Archive | July, 2013


25 Jul

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Not so smart on a phone

22 Jul

What Newham’s website looks like on my iPhone

According to the Office for National Statistics:

  • Access to the Internet using a mobile phone more than doubled between 2010 and 2012, from 24% to 51%.
  • In 2012, 32% of adults accessed the Internet using a mobile phone every day. [my emphasis added]

There really is no excuse for not having a proper mobile version of your website.

And yes Newham council, I am looking at you.

Early evening sunshine

19 Jul

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Open democracy

19 Jul

Copyright: Image by jsawkins on Flickr. Some rights reserved

On July 15th Newham council voted to amend its constitution to allow the public to film and record proceedings at future meetings. The decision was inspired by Eric Pickles, the secretary of state for local government, basically telling councils that if they didn’t let this happen he’d change the law to force them.

The Newham Recorder invited our mayor and Lutfur Rahman, his Tower Hamlets counterpart, to ‘debate’ the matter. Mike Law has blogged about this and I’d recommend reading his post and the comments on it, as well as the Recorder piece.

What follows is the comment I added to Mike’s blog, which points at what I think is Sir Robin’s staggering hypocrisy on this issue:

Sir Robin, with Eric Pickles’ gun pressed to his head, says

what does it do to build public trust in politics more widely when a clique seeks to shut the public out from decisions made on their behalf?… In the 21st century it is not enough for democracy to simply happen. It has to be seen to happen.

Despite appearances, the age of satire is not yet dead.

As Birdman [one of the commenters on Mike’s blog] correctly observes,

decisions are largely taken in Labour Group meetings, after the Labour Councillors have been told which way to vote, and no genuine debate is ever seen or heard by the public attending meetings… what is there to film?

Monday’s council meeting, at which this “historic decision” was taken, lasted just 14 minutes. And that included a set-piece speech by councillor Ellie Robinson on ‘Newham’s Wonderful Women’.

May’s annual general meeting took a massive 39 minutes; February’s was 31 minutes. The ‘extraordinary’ meeting in January occupied councillors for a mere 10 minutes. I could go on, but you get the drift.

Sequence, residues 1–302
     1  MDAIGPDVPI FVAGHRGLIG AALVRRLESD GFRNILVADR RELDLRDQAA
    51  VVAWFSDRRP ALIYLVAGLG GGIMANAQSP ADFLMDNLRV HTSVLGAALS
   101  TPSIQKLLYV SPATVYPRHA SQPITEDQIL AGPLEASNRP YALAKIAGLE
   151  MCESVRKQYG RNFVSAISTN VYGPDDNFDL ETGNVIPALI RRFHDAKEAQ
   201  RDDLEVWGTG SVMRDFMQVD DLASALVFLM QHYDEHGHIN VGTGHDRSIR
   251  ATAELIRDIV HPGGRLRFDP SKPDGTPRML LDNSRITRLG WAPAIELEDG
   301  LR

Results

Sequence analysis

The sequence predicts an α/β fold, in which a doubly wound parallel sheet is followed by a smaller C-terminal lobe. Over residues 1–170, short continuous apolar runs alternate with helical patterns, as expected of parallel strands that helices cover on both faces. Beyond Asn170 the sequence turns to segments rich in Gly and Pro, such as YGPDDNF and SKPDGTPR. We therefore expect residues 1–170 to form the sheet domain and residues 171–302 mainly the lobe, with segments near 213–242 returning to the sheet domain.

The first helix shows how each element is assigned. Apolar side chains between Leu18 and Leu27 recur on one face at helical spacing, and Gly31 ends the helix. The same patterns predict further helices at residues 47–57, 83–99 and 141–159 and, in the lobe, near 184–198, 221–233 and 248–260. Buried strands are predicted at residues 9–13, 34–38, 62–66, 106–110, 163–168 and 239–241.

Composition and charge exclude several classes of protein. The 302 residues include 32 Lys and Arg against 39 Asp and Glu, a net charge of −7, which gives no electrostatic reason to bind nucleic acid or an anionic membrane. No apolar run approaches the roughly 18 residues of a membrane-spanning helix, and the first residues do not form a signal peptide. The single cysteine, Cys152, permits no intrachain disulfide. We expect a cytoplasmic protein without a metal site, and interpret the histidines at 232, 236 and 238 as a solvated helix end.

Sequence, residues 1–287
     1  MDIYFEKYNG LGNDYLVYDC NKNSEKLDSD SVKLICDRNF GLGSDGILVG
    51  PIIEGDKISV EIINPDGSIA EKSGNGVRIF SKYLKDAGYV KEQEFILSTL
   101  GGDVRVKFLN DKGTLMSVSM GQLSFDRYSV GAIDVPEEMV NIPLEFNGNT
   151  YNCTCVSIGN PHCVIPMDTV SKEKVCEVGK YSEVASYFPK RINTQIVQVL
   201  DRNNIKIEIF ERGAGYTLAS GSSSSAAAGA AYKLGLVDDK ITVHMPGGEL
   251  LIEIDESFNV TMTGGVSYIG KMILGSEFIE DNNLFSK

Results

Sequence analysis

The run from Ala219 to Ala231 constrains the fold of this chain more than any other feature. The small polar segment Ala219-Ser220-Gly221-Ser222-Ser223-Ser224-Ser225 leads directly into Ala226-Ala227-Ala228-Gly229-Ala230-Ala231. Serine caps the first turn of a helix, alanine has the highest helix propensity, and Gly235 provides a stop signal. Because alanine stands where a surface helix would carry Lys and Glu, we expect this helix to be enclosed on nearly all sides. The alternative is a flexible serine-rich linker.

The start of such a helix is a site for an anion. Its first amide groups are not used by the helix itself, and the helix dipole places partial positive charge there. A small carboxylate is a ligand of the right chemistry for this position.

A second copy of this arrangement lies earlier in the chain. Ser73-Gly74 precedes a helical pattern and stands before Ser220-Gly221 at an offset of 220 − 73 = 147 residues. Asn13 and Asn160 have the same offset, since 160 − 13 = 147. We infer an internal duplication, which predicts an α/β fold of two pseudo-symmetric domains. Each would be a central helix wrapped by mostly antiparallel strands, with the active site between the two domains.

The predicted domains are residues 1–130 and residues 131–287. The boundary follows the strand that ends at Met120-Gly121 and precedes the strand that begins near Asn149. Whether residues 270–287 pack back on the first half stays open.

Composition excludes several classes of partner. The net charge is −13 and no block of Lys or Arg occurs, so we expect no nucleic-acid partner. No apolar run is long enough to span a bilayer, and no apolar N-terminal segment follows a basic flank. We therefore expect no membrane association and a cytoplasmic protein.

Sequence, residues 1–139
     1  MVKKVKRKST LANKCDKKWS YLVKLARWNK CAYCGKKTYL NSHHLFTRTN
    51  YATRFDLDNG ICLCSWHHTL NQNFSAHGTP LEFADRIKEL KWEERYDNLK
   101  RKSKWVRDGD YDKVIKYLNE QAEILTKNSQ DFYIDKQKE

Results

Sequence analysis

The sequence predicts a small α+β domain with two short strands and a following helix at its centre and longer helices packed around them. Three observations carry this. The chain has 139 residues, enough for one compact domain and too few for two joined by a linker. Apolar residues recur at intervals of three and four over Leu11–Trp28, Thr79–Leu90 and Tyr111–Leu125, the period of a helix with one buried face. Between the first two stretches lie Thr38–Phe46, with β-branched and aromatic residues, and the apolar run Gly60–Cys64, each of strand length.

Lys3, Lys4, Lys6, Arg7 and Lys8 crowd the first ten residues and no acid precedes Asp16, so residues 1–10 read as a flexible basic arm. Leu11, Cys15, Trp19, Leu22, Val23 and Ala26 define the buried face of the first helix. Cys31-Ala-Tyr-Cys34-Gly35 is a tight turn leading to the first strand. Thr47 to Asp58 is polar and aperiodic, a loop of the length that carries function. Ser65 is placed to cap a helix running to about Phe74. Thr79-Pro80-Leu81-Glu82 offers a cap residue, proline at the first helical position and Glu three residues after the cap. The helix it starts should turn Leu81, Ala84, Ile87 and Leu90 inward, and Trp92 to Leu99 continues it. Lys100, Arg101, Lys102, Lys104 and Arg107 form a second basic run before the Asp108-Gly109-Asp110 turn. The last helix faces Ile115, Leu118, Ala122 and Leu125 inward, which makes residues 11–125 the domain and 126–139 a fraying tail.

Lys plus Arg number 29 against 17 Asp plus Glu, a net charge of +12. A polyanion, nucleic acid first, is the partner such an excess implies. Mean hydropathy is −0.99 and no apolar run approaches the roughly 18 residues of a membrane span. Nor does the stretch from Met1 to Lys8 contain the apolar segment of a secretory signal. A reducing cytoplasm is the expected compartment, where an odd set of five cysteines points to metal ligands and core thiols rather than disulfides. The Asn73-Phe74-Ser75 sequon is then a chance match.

If Sir Robin were truly serious about open and transparent decision-making Labour group meetings would be the ones that took 10 minutes and the real debates would happen in council, where the public could see and hear them.

We all know that won’t happen though.

FOI updates

16 Jul

Last month I submitted two freedom of information requests to Newham. These have now been answered and both responses were surprising, albeit in different ways.

The first request asked about the costs associated with the council’s YouTube monitoring unit. I wanted to know how many ‘law enforcement officers’ had been involved, how much money had been spent and what officers spent their time doing. I also wanted to know what metrics would be used to measure whether or not the money invested had been spent wisely.

Not unreasonable questions and ones you would have thought Newham had ready answers to. But no. The reply I got was – in almost every respect – deficient. To say that

two members of staff are involved but this equated to zero full time equivalents as the work was not undertaken on a full time basis

is simply idiotic. And stating that

no metrics will be used to evaluate [this project], as the successful outcome of removal of the videos is self evident

is patronising and lazy. If it were self-evident I wouldn’t be asking, would I?

I am surprised the reply passed through internal quality assurance checks before being sent out. Needless to say, I have requested a review and some supplementary information. This has not yet been acknowledged.

The second request asked, straightforwardly, how much the Labour party paid to use space at Newham Dockside for Ed Miliband’s big speech on social security reform. This was a party political event, not a civic one, so it was fair to assume that the council would charge for the use of its facilities. The answer I got was not at all what I expected.

Newham said they didn’t charge Labour anything because the event took place in

a non-chargeable public space within the building.

Read that again. I did. Just to make sure I hadn’t got it wrong the first time.

There’s a part of Building 1000 that is public space, which the council will not charge you for using if you want to hold an event. Even a party political event.

If that’s genuinely the policy, then fair enough. But has Newham really thought through the potential consequences of that?

I can imagine that next April, ahead of the local elections, any number of people might want somewhere to launch their campaign to be mayor. Or their party’s manifesto. Where better than the very building they hope to be elected to occupy a month later? And they can have it for free!

And the council has put itself in the position where it will be almost impossible to say no.

14 Juillet 2013

14 Jul

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